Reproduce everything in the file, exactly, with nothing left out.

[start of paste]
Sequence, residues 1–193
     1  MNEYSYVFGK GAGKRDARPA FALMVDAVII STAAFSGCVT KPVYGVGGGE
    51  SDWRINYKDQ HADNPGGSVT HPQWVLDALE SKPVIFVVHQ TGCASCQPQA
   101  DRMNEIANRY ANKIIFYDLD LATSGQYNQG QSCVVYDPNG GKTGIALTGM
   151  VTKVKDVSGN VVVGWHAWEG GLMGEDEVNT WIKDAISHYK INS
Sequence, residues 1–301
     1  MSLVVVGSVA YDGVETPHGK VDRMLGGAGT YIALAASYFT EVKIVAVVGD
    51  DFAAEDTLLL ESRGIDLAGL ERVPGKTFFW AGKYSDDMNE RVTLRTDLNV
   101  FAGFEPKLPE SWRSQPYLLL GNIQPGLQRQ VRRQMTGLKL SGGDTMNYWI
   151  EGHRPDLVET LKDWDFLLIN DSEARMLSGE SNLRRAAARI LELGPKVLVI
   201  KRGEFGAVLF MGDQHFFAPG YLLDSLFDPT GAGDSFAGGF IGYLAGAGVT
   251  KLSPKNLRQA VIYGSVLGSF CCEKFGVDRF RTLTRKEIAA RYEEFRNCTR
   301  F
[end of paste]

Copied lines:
Sequence, residues 1–193
     1  MNEYSYVFGK GAGKRDARPA FALMVDAVII STAAFSGCVT KPVYGVGGGE
    51  SDWRINYKDQ HADNPGGSVT HPQWVLDALE SKPVIFVVHQ TGCASCQPQA
   101  DRMNEIANRY ANKIIFYDLD LATSGQYNQG QSCVVYDPNG GKTGIALTGM
   151  VTKVKDVSGN VVVGWHAWEG GLMGEDEVNT WIKDAISHYK INS
Sequence, residues 1–301
     1  MSLVVVGSVA YDGVETPHGK VDRMLGGAGT YIALAASYFT EVKIVAVVGD
    51  DFAAEDTLLL ESRGIDLAGL ERVPGKTFFW AGKYSDDMNE RVTLRTDLNV
   101  FAGFEPKLPE SWRSQPYLLL GNIQPGLQRQ VRRQMTGLKL SGGDTMNYWI
   151  EGHRPDLVET LKDWDFLLIN DSEARMLSGE SNLRRAAARI LELGPKVLVI
   201  KRGEFGAVLF MGDQHFFAPG YLLDSLFDPT GAGDSFAGGF IGYLAGAGVT
   251  KLSPKNLRQA VIYGSVLGSF CCEKFGVDRF RTLTRKEIAA RYEEFRNCTR
   301  F